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Gloominati - Sydney Fringe Comedy

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by Erica Enriquez (subscribe)
http://mylocalworld.com.au/
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Find out what's funny about living with darkness
The terms "doom", "gloom" and "comedy" often don't appear together on the same page. It's just weird. It's about as weird as seeing Rick Grimes and a decaying zombie walk arm in arm down the road wearing matching "BFFs for Life" t-shirts. It just isn't done.

So it was a surprise to turn up to Wednesday night's show, Gloominati, part of the Sydney Fringe Comedy Festival, to witness, well, comedians finding the lighter side of life, or moments in life, when you're less than chipper (to put it mildly). Dubbed, "a night of dark comedy", the show is hosted by comedian Andrew Hastings and was co-produced by fellow comedian Paige Hally. Each night, Gloominati features a headliner, plus a handful of up-and-coming comedians on the rise. Wednesday night was headliner Michael Workman's night.

It really was a right Gloominati event, but thankfully the comedians were witty enough to keep the self-deprecation just this side of entertaining.

Gloominati, Sydney Fringe Comedy Festival, dakrness, depression, anxiety


Andrew Hastings, despite his immediate admission to suffering from anxiety and depression, IS funny, and is, in fact, a very warm host. A tweet he wrote recently reads, "A woman punched me on bus yesterday for accidentally stepping on her foot. It was nice to get some human contact". It's in this vein that Hastings, and the rest of the night, proceeds. He talks about his unemployment, his loneliness and his anxiety freely, but at the same time it puts the audience at ease - we're just as messed up, so we get it!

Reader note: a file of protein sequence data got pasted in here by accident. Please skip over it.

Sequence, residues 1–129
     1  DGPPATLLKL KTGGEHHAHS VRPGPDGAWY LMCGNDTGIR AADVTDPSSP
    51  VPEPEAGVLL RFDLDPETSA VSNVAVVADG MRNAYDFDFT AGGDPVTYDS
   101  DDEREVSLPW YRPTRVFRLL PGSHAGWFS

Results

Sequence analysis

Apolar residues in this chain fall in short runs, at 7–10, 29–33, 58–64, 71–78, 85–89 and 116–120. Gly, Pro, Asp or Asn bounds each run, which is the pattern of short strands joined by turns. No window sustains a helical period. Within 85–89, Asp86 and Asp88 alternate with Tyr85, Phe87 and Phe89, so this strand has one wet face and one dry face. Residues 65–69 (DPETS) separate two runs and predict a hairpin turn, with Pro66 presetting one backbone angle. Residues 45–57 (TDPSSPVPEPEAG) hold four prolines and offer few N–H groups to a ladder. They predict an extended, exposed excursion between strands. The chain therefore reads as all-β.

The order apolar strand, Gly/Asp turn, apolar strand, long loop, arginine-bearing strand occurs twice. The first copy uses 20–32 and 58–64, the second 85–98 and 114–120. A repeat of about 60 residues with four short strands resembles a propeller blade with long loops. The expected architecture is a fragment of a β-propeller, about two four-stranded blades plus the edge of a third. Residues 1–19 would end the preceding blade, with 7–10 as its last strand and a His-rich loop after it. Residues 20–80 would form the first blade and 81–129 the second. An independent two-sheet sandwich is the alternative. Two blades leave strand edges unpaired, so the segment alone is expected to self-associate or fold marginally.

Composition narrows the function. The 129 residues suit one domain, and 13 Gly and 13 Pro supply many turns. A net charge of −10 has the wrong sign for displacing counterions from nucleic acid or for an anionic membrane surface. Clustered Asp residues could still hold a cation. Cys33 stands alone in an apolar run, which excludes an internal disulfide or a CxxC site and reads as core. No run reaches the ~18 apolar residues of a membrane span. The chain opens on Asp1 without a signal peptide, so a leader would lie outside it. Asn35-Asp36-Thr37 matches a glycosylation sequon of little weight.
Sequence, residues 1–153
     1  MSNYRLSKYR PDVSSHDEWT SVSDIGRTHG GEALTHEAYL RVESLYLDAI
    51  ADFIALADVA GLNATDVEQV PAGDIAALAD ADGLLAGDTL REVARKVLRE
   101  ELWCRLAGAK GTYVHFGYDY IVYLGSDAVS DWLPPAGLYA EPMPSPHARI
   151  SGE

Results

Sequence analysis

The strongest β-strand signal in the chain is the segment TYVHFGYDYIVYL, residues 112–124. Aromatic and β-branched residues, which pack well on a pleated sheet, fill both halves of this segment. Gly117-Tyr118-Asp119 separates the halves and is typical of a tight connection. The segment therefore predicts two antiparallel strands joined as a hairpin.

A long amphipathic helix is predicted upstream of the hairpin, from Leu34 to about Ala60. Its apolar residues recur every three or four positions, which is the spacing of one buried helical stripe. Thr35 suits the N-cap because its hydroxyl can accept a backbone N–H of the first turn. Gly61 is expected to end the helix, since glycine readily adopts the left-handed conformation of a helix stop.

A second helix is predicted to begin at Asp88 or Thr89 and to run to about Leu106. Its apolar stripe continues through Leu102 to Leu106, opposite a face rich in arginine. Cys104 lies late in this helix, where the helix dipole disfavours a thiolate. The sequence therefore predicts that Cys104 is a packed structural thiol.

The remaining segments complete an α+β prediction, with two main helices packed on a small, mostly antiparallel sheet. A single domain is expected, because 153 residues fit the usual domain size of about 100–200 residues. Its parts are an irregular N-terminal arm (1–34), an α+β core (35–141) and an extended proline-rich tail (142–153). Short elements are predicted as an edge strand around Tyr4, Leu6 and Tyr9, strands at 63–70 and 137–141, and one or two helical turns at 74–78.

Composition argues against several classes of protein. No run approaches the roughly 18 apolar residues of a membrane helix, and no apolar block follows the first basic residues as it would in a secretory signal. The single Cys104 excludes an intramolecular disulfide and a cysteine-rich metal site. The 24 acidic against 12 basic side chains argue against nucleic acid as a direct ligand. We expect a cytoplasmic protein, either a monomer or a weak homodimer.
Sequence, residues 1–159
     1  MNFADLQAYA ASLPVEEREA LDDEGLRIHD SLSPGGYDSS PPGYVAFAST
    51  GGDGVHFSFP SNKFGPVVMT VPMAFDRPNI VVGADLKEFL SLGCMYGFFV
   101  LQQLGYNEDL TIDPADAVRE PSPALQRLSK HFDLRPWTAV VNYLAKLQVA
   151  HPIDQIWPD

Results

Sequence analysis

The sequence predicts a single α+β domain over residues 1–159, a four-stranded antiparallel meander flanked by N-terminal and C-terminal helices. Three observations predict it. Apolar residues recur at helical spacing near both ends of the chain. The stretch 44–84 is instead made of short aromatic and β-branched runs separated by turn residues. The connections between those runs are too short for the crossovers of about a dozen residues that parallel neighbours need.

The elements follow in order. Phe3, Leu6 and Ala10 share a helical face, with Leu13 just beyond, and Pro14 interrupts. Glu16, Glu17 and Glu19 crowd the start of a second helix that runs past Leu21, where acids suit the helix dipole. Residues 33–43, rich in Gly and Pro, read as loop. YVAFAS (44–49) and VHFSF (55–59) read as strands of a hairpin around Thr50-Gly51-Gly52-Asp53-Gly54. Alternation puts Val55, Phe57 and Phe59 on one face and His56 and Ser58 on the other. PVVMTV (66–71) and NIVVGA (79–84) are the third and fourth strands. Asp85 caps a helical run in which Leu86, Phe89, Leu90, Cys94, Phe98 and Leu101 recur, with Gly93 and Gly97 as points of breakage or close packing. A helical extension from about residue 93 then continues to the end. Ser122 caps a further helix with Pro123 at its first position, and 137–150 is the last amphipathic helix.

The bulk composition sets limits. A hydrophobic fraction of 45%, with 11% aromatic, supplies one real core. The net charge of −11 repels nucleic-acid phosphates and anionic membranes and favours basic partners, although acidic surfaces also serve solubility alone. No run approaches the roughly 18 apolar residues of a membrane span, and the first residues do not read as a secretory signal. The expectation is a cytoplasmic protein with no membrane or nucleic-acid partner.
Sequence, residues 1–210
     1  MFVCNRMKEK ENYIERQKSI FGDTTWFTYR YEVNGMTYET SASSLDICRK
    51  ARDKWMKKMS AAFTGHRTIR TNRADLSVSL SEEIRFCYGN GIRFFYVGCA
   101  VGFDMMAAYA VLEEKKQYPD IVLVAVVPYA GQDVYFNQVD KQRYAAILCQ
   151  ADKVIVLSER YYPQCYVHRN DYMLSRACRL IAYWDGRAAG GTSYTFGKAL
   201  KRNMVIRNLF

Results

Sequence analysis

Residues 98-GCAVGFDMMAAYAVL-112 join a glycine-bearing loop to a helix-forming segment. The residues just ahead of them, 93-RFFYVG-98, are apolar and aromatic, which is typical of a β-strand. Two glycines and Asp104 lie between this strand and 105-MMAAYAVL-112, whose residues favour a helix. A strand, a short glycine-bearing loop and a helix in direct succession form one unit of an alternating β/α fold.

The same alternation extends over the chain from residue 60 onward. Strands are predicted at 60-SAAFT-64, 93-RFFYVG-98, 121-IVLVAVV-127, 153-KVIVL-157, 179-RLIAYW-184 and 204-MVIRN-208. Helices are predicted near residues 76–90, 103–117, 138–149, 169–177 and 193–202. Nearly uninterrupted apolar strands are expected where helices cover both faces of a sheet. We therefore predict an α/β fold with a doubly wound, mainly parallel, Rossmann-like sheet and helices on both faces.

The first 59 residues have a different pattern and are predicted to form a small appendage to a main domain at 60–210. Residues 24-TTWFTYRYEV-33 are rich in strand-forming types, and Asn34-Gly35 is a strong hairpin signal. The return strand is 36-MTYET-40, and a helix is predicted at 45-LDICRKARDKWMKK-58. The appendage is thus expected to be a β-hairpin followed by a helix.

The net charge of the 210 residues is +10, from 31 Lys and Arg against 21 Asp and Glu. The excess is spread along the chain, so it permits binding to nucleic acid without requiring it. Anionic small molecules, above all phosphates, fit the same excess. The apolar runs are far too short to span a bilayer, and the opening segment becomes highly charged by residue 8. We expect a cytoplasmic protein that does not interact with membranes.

Paige Hally delivered her set in her trademark deadpan voice, and talked more about social anxiety moments in life. This was delivered in her quietly confident, quirky manner, and to have anxiety discussed in such a way was great.

The other two acts, Anith Mukherjee and Andrew Wolfe, did not perform in this way as much, but was their material was still dark enough to be in keeping with the theme of the show. To be honest, Anith Mukherjee was my personal favourite, simply because his whole act was him telling a random story with cue cards he used as visual aids.

Michael Workman's set was a tad bit more polished that others that night, and, for my plus one, he was his favourite of the night. His delivery was easy to access, which is what you'd expect from a comedian asked to round up the acts in a night filled with stories of dysfunction and slight chaos.

If you're after comedy with a twist of honesty and truth, then Gloominati is the way to go. You may even find yourself a new favourite commedian.
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*Erica Enriquez was invited as a guest
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Why? Gloominati is a showcase of established and up and coming comedians doing their darkest material.
When: Now untill 5th September. You better get some milk etc. too
Phone: 61 2 9020 6966
Where: The Factory Theatre, Marrickville
Cost: $15
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